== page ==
Coast to Coast: Across Route 50

by Stephanie (Coartney) Dulaney ’10

McK From Coast to Coast Art Decoration
Time magazine called it “The Backbone of America,” one of the longest and oldest travel routes to traverse the country. Running from Ocean City, Md., to Sacramento, Calif., it winds 3,073 miles across 12 states and through innumerable towns. It crosses two major mountain ranges, passes Lake Tahoe and Great Basin National Park in Nevada, meanders over hundreds of miles of desert and farmland, and cuts straight through the heart of the nation’s capital on its way to the ocean.

With its historic past, U.S. Highway 50 connects small towns and big cities all across the country and passes through Lebanon, Ill., the home of McKendree University. in the early days, Methodist episcopal circuit riders used the road to follow settlers west, starting churches in every settlement that had a few buildings. Once a year, they traveled from as far away as the Northwest Territory to gather for the great Methodist conference. There they learned the latest news of McKendree—then called Lebanon Seminary—and carried information about the college back to their congregations. Many McKendree graduates were ministers who played a pivotal role in spreading Methodism further west as they traveled the pioneer route that later became Route 50. “Methodism knew no bounds,” said Linda Isbell ’02, retired volunteer archivist for the Illinois Great Rivers Conference in Holman Library. “Circuit riders never let the lack of roads stop them when it came to seeking out settlers to establish churches.”

The original Highway 50 ran straight through Lebanon, Ill., on St. Louis Street, but was later rerouted to skirt the eastern edge of town due to railroads and the usage of street cars. As a former stagecoach route, it brought travelers to Lebanon, most notable among those renowned English author Charles Dickens, who wrote about the town in his book “American Notes.” Visitors and newcomers arrived via Highway 50, some just passing through and others putting down roots. Today, not only does it span the distance between americans living states apart, but it also connects McKendree students and alumni whose hometowns are scattered along it mile after mile. Whether you drove it with a carload full of all your belongings for your first dorm room, went road tripping on it with friends during spring break, or embarked on it for your first job after graduation, odds are that some memorable college experience took place while traveling along Highway 50. For some alums, no matter how far away their lives or careers take them, their nearness to the road reminds them that the journey back to their college home begins right at their feet.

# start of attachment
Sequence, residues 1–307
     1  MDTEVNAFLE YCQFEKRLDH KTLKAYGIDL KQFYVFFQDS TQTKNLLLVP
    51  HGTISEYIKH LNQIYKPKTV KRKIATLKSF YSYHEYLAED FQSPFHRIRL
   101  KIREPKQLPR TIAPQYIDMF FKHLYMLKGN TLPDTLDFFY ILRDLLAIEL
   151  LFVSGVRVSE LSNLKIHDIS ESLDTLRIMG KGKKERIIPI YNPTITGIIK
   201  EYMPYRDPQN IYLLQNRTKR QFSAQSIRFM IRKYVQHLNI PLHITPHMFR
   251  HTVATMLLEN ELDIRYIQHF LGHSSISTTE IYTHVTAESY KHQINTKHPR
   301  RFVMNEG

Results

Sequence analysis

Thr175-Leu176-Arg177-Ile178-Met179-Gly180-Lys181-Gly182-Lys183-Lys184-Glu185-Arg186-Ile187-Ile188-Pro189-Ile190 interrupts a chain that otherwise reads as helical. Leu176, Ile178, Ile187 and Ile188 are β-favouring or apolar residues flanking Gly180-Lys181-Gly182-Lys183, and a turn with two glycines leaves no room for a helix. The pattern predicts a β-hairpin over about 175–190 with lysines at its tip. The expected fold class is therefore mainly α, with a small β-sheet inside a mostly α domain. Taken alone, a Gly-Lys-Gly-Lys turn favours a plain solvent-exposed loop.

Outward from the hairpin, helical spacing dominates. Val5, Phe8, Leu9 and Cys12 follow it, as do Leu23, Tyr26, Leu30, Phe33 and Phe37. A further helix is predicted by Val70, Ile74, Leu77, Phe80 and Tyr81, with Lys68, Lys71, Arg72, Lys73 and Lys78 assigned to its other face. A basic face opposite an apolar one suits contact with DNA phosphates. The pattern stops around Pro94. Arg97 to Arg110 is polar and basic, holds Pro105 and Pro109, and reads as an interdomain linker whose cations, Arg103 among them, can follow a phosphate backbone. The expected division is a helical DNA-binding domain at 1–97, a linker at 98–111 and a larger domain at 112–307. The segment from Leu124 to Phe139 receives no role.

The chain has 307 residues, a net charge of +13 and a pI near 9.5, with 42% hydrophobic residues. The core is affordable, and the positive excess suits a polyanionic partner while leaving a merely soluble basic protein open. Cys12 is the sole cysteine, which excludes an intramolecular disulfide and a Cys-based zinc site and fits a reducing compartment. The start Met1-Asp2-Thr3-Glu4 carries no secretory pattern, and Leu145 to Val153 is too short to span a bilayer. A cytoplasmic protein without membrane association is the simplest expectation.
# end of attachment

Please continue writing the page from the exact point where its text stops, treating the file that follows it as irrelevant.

Much as it was when founded in 1828, McKendree is still known for the intimacy and friendliness of its small campus, tucked away among the rural communities and larger metropolises that dot this stretch of Highway 50. Yet the open road also serves as a thread connecting past and present McKendreans across America and demonstrating that the McKendree community truly extends from coast to coast.

Route 50 Map Artwork



Alexandria Glaude '19


Alexandria Glaude ’19: West Sacramento, CA

Born and raised in the suburbs of West Sacramento, Calif., sophomore Alexandria Glaude never expected to spend her college years nearly 2,000 miles from the sunny streets of her hometown. Now in her sophomore year at McKendree, she could not imagine spending it anywhere else.

Alexandria first learned about the University while competing in the California state wrestling tournament her junior year of high school. She met McKendree’s head women’s wrestling coach Sam Schmitz, who described the excitement and energy of the newly created Lady Bearcats wrestling team. Alexandria knew she just had to be a part of it.

After traveling more than halfway across the country to reach Lebanon, Ill., she found that her college journey was just beginning. “I have made so many memories here in two short years,” she said. “This year’s national wrestling tournament takes the cake by far!” Alexandria earned the title of All-american, as well as a fifth place finish, but it was her teammates’ encouragement of one another that made it even more memorable.

Through it all, she says the University’s supportive campus environment has influenced who she is today. “McKendree really strives to push students out of their comfort zone and open our eyes to experiences beyond us. I think I will leave a more well-rounded person than when I arrived. I will always keep my eyes open and push myself to be a better me.”

Alexandria takes pride in knowing that being part of the McKendree community is not something that goes away, no matter how far she travels. “It is honestly so comforting to know that no matter where I go, I have support at McKendree. I know that if I am lost, there is a community ready to guide me. With the family I have made here, there’s no way I will not find success after graduating.”



Charles Rann ’63
Charles Rann ’63: Cañon City, CO

What was once their favorite vacation spot along Highway 50 is now home for Charles Rann ’63 and his wife, Joanna. After 40 years of performing and teaching music in the St. Louis area, he decided to retire in one of the most scenic areas in the country, Cañon City, Colo.

Charles grew up in Carrier Mills, Ill., before coming to McKendree to hone his skills as a vocalist and musician. His love for music helped shape his college years and make up some of his fondest memories of McKendree. Performing in junior and senior recitals, singing in the McKendree Quartet, and singing opera roles while touring with the campus choir are some of his most unforgettable college experiences.